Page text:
The Top Five Modern Workplace Themes
By Arnold Levin | Director of Workplace Strategy | July 22, 2014
It’s not uncommon to open a design or fashion magazine to a page touting the latest trends in interiors or lifestyle products. While trend spotting can be valuable in certain industries, it is ill advised when developing workplace design strategies because it marginalizes the need to develop a strategy on evidence-based research. There are, however, consistent themes we have seen that shed valuable insight into certain commonalities of client needs that can be helpful in approaching any workplace design strategy.
Reducing real estate costs through “smarter” use of real estate, informed by workplace strategies, has been the predominate theme for the past decade. What is occurring now, as a result, is the realization that there can only be so much real estate an organization can reduce without sacrificing effectiveness. While minimizing real estate costs remains paramount, creating workplace strategies that capitalize on organizational performance through employee effectiveness needs to be the litmus test when linking those elements together.
Another key theme we are observing is the need to enable more choice for employees in determining where and how they work. There is a correlation between employee productivity and his or her ability to choose where they can be most productive. Prescriptive work spaces where everyone works in similar work settings—for example, benching—is being questioned as the place where employees can most effectively engage in focus work, collaborative work, or social interaction. We have moved beyond the discourse of open office versus private office. We recognize that employees have differing work styles and that a successful workplace strategy needs to embrace these differences.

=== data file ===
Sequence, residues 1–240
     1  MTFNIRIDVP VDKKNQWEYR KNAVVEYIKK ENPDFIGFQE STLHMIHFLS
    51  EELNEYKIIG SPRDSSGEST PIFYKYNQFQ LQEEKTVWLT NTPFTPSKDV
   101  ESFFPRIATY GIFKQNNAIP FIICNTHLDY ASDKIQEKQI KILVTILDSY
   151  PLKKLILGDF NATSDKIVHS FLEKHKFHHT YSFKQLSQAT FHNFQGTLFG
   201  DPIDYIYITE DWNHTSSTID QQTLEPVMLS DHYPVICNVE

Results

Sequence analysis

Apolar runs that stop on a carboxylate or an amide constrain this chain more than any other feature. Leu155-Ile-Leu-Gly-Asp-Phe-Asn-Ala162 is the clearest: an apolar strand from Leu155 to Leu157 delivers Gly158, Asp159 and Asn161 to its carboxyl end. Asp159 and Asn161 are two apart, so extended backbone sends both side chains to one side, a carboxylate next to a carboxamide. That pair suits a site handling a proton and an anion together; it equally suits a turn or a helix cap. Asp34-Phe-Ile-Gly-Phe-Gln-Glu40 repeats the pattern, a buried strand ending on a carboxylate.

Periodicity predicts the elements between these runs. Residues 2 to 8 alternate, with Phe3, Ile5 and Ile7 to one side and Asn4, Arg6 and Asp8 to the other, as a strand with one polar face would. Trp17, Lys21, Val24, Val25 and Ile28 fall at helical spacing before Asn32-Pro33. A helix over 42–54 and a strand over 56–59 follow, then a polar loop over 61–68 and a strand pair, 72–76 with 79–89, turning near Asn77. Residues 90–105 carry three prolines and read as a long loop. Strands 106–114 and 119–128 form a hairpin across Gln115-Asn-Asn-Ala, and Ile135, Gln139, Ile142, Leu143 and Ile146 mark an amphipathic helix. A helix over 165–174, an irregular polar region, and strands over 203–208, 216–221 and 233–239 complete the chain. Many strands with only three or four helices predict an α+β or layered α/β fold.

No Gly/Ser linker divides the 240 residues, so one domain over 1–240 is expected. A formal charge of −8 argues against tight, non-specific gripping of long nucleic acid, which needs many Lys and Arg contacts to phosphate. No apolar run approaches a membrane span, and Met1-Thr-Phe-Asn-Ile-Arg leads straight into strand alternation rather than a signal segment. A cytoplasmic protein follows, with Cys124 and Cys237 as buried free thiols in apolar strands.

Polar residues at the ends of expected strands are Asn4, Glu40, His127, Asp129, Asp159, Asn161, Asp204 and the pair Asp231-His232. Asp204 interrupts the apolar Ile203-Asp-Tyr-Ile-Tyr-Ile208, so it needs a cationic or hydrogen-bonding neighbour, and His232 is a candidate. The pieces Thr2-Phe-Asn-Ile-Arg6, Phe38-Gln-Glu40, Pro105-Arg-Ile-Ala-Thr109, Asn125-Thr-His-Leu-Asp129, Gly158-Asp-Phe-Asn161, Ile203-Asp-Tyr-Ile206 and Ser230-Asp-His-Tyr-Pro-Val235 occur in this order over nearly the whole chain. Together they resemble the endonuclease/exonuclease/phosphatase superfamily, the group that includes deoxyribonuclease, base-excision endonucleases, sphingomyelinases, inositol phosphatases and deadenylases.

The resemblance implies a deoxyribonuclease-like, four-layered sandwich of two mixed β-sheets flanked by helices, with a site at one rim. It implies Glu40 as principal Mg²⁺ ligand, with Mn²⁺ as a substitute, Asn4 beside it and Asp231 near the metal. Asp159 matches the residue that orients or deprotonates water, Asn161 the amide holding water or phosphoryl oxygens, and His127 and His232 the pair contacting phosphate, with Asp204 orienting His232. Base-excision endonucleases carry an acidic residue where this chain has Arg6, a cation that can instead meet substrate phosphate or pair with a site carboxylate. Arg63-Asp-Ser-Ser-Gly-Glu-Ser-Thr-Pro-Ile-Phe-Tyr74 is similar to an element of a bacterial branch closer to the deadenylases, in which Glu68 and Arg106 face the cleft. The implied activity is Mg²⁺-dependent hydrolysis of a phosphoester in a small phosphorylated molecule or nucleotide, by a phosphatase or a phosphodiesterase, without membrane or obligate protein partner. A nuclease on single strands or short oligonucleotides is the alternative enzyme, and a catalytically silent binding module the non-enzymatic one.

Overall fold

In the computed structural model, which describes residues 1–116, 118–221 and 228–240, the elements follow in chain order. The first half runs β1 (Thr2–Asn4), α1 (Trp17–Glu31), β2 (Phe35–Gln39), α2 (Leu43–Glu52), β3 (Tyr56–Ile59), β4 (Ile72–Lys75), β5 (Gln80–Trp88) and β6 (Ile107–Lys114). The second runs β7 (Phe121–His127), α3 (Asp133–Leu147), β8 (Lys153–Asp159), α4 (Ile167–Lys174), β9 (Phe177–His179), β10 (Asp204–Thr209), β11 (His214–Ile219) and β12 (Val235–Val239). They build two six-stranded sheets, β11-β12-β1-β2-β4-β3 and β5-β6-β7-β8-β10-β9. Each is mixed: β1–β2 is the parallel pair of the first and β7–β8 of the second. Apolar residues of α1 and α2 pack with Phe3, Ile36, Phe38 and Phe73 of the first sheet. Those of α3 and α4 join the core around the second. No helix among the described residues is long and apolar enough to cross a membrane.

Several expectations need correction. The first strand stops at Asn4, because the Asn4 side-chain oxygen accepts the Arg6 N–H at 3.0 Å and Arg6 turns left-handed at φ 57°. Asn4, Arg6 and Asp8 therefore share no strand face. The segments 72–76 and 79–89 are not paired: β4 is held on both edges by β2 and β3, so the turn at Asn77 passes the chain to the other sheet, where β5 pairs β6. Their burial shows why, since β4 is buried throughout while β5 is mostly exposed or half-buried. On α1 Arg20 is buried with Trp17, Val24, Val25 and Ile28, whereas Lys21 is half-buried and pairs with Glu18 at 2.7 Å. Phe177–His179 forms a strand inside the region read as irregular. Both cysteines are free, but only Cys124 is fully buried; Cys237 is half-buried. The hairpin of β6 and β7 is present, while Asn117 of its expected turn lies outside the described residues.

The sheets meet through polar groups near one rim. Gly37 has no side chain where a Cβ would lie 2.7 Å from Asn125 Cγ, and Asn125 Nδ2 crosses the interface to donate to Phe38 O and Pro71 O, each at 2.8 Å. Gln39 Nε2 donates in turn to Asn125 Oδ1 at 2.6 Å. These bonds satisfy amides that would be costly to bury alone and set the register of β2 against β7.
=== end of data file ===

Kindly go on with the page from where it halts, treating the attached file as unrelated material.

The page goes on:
After a decade of predicting workplace characteristics based on themes, from mobile or distributed work to a millennial workforce, there is a view that many themes need to be assessed in light of specific organizational dynamics. This translates to workplace strategies that look at the efficiency of distributed work against long-term organizational needs of the client; and while Generation X and Millennials come to work with specific expectations, older generations remain at work thanks to the current financial climate that results in a multi-generational workforce.
Flexibility and adaptability are two other important themes. Today’s complex business environment calls for change as evolutionary processes become more fundamental to client-identified needs. Workplace strategies that accommodate these core components and overall philosophies have become increasingly critical.
Evolution in the market
The unfortunate reality is that the market has not evolved fast enough to tackle the challenges that could effectively be solved by appropriate workplace strategies. On the positive side, more and more organizations are aware of these issues despite research that demonstrates internal organizational and operational changes required for continued success are not in place. A report in the Economist dating from 2006 focused on the reality of a gap between the robust and volatile changes occurring in most organizations’ business environments, and the changes necessary to meet those challenges through new workplace strategies.
There are great opportunities in embracing and acknowledging the above themes and using them in approaching workplace strategies. Solutions that incorporate adaptable and flexible choices in work settings for a multi-generational workforce equally achieve organizational performance while minimizing real estate costs. Challenges reside in risk aversion in embracing change, the commitment of organizations to transform work processes and culture, and commitment to managing these changes. Reconciling opportunities and challenges will be the real game changer for business organizations.
Want to Learn More?
Learn more about the modern workplace theme of enabling employees with choice in the workplace. Click below to read "Choice Architecture: Success by Default."
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